Lesson 16 – Camping – Modal Verbs II

LEVEL A2: CAMPING

 


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VOCABULARY

 

 

  • Are you ready?
  • a camp trip
  • I think so.
  • To check
  • We should check...
  • We have everything
  • We must not forget...
  • The essentials
  • We are going to be...
  • In the middle of nowhere
  • I have to buy...
  • Batteries
  • a torch
  • an airbed
  • To make sure
  • Definitely
  • I don't want to...
  • On the cold ground
  • Terribly uncomfortable
  • I should ring Polly.
  • To confirm
  • the house sitting
  • Arrangements
  • Plenty of food
  • She gave me a list.
  • To leave her some extra money
  • Good thinking!
  • Stove
  • I think we have enough.
  • Very true!
  • I'll buy a couple more.
  • I think that should be enough.
  • We shouldn't have any problems.
  • Why would you say such things?
  • If it rains...
  • I'm blaming you!

 

LESSON 16 DIALOGUE

 

- Camping -

 

 

Learn English - Lesson 16 - Camping

David: Okay! Are you ready for the camp trip?

Karen: I think so! We should check that we have everything.

David: Yes, we must not forget the essentials. We are going to be in the middle of nowhere.

Karen: I have to buy some batteries for the torch and we ought to check the airbed to make sure that there is no air escaping.

David: Definitely. I don't want to wake up on the cold ground. It will be terribly uncomfortable!

Karen: I should ring Polly and confirm the house sitting arrangements. You have to go shopping so that she has plenty of food.

David: She gave me a list. I'll buy the items but I ought to leave her some extra money in case she runs out of anything.

Karen: Good thinking! Also you must pick up some more gas canisters for the stove. I think we have enough but as they say, "better to have and not need than need and not have".

David: Very true. I'll buy a couple more packs. I think that should be enough.

Karen: We shouldn't have any problems now. Unless of course it rains...

David: Why would you say such things? If it rains, I'm blaming you!

 

COMPREHENSION QUIZZES (3 TO COMPLETE)

 

Interactive Video Comprehension Quiz 1

 

Summary Statements Comprehension Quiz 2

 

Drag and Drop Quiz 3: 

 

GRAMMAR PRACTICE - MODAL VERBS II:  SHOULD AND MUST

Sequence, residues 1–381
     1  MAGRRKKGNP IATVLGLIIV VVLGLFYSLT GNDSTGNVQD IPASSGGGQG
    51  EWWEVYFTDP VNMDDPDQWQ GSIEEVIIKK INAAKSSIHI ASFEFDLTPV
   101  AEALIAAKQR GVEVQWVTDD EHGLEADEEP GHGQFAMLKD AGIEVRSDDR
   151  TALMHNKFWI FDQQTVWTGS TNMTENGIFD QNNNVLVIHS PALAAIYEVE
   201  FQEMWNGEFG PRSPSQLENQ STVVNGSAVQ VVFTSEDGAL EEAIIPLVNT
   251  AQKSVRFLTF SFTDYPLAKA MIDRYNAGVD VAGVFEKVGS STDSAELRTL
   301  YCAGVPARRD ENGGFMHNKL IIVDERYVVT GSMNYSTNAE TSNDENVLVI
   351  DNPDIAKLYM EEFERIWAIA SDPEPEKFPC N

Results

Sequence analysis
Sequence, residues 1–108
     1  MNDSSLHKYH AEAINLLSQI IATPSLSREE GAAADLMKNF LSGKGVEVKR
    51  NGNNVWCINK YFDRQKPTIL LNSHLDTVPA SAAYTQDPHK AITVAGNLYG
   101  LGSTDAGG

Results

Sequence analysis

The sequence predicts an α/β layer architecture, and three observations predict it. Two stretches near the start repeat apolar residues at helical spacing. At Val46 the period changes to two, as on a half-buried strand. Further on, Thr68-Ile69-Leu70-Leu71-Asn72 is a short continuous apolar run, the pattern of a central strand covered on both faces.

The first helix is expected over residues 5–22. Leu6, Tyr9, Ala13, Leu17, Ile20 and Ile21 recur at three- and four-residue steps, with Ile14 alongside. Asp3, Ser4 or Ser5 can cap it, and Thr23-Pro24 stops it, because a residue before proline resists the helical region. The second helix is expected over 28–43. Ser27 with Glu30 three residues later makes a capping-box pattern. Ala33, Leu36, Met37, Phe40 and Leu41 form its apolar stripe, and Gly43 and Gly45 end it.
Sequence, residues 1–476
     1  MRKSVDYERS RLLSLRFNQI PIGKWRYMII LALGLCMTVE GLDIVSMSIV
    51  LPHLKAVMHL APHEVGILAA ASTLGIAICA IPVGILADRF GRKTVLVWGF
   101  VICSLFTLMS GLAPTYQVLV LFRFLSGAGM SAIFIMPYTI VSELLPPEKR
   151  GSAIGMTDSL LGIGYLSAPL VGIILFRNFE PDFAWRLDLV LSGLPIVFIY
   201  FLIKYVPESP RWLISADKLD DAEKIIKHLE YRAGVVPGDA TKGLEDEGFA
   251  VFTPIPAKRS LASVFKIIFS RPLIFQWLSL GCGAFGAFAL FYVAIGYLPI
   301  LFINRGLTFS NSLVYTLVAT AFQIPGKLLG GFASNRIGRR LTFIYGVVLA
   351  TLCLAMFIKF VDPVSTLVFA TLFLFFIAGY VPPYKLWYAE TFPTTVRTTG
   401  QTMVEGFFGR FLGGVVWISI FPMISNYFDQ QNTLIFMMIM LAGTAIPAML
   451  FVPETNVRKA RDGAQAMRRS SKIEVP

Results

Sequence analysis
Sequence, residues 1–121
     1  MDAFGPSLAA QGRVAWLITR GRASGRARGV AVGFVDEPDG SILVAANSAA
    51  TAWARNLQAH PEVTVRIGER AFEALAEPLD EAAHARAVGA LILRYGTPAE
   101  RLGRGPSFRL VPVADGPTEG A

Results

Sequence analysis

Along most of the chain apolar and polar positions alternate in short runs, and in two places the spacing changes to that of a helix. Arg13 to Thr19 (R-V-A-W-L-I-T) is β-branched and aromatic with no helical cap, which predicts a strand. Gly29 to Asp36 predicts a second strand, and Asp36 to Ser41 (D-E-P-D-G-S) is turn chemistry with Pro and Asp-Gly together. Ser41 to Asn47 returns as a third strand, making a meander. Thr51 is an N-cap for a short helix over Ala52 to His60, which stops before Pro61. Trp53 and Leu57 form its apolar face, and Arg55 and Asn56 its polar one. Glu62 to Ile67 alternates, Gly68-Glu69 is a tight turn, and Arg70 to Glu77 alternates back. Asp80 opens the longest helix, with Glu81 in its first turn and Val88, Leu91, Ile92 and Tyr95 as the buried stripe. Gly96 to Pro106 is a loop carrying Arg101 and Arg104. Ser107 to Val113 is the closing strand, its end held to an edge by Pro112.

Must


If you remember session 15, we use "must" when we speak of obligation and necessity, when an obligation has to be fulfilled. The structure of the phrase is usually the following:

I MUST Rest of the sentence
You
He
She
It
We
You
They

 

Examples:

I must work
You must work
He must work
She must work
It must work
We must work
You must work
They must work

 

When we talk about obligation in the past, we do not use must. Instead, we used to to talk about an obligation that has been fulfilled:

I HAD TO Rest of the sentence
You
He
She
It
We
You
They

 

Examples:

had to study.

David had to work.

 

When we use must in a negative way, it becomes mustn't. This form is used for emphasis. The usual way is the contraction must not.

I MUSTN'T Rest of the sentence
You
He
She
It
We
You
They

 

Example:

You are ill. You mustn't go out.

 

There is also a form that defines a lack of obligation using the verb to need. Their common form, in negative, is do not need to.

I/ You DON'T NEED TO Rest of the sentence
He/She/It DOESN'T NEED TO
We/You/They DON'T NEED TO

 

Examples:

You don't need to speak English in Spain.

 

I don't need to come
You don't need to come
He doesn't need to come
She doesn't need to come
It doesn't need to come
We don't need to come
You don't need to come
They don't need to come

 

Should


Suggestions and tips are formed using should. The structure of the phrase is generally as follows:

I SHOULD Rest of the sentence
You
He
She
It
We
You
They

 

Examples:

I should study
You should study
He should study
She should study
It should study
We should study
You should study
They should study

 

When using the negative form, we use shouldn't. A contraction of should not.

I SHOULDN'T Rest of the sentence
You
He
She
It
We
You
They

 

Example:

You shouldn't  smoke.

 

Often, the expression I think, is placed at the beginning of a phrase that contains should. Example:

I think you shouldn't smoke.

 

You can also use ought to instead of should and keep the same meaning. Example:

You ought to stay in bed.

 

PRONUNCIATION PRACTICE 

 

 

 

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